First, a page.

Genomics and Genome Editing in the NHS
The Science and Technology Committee of the House of Commons in the UK has released a report detailing the role and success of genomics and gene editing within the National Health Service (NHS). The report, published today, outlines the cost and clinical effectiveness of whole genome sequencing, how it could be integrated into the NHS, who should be able to access genomic data, and how gene editing can be supported and regulated.
This report is actually a continuation of an inquiry that was started in November 2016, before it was disrupted by the General Election in 2017. After Professor Dame Sally Davies, Chief Medical Officer for England, published her annual report of UK healthcare entitled ‘Generation Genome’ in July 2017, the Science and Technology Committee decided to renew their investigation. The report published today is the outcome of that secondary inquiry.
The report starts by considering the 100,000 Genomes Project, a government-led programme with the intention of sequencing the genomes of 100,000 British citizens within the NHS. The Project passed the halfway mark of 50,000 genomes in February this year, and looks set to complete its ambitious goal in the next twelve months. The Committee praised the work that the Project has done and called for a formal evaluation of how we can use the expertise gained to inform the expansion of genomics into the NHS at large.
At the same time, the Committee cautioned that, while there was significant potential of whole genome sequencing for diagnosing rare diseases, there was still little evidence that it could improve routine care. The Committee advises, therefore, that the UK government should undergo an in-depth evaluation of the Project and publish the results before launching a universal Genomic Medicine Service.
The report also discusses what form the Genomic Medicine Service (GMS) could take and how it may be established within a healthcare system that was first developed in the 1940s. The Government has plans to establish the GMS later this year, but the Committee has raised concerns that the data infrastructure needed for such a thing is not yet in place and is running to a later timeline than the 100,000 Genomes Project. As a result, the report suggests that the budget needed for the infrastructure should be agreed as soon as possible to keep development moving forwards.
A similar issue may arise with regards to the number of trained staff that can run the GMS. At the present time, the NHS doesn’t have a sufficient number of individuals qualified in clinical genomics and the training programmes available are not enough to make up the numbers in the time available. The Committee concluded that Health Education England needed to start planning out a broader training programme to qualify more staff for clinical genomic practices that includes both current employees and those still in the education term of their career.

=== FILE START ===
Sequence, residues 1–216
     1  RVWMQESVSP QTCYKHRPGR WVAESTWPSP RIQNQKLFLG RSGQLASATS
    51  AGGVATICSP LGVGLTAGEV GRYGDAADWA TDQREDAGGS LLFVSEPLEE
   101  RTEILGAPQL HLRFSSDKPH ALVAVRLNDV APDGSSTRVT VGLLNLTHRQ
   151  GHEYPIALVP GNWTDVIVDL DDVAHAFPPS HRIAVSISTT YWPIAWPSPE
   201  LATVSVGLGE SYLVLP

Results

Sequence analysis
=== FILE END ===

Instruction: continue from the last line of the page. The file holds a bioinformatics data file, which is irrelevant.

With regards to data security, the Committee were complimentary of the government’s efforts to implement General Data Protection Regulation, but they also stressed a need for greater education of the general public. Continual progress within the genomics community is reliant on the sharing of data on both a national and international level, and the report acknowledges this. With a stronger education within the general public of what data will be collected, who will be able to access it, and how it can benefit patients, the Committee hope that the government can encourage greater acceptance of genomic technology.
Lastly, the Committee considered the utility and risks of gene editing. The UK has strong regulation that governs the use of gene editing in mammalian cells, and the report encourages the Government to continue to monitor these regulations. If a situation arises that would allow patients to benefit from a change in these regulations, then the Committee encourage the Government to do so by following a similar approach as was used to allow mitochondrial donation last year. The report makes it clear that these regulations should not be changed lightly, but they concede that as the technology progresses, it may become necessary for the laws to change to account for these advances.
Genomics England, an organisation that was set up by the UK Department of Health to deliver the 100,000 Genomes Project and to integrate genomics into the NHS, has responded to the report in a short statement.
“I welcome the House of Commons Science and Technology Committee Report on Genomics and Genome Editing, published today,” said Sir John Chisholm, Executive Chair of Genomics England. “The report is a thorough and thoughtful exploration of the tremendous opportunities that genomics offers to the UK – its people, its health service and its economy.
“The Committee also recognises the huge strides that we have made – placing the UK at the leading edge of genomics discovery. As the report stresses, now is the time for the UK to overcome remaining challenges and capitalise on its global leadership − delivering genomic medicine in the NHS, improving patient outcomes and realising economic opportunities across the world.”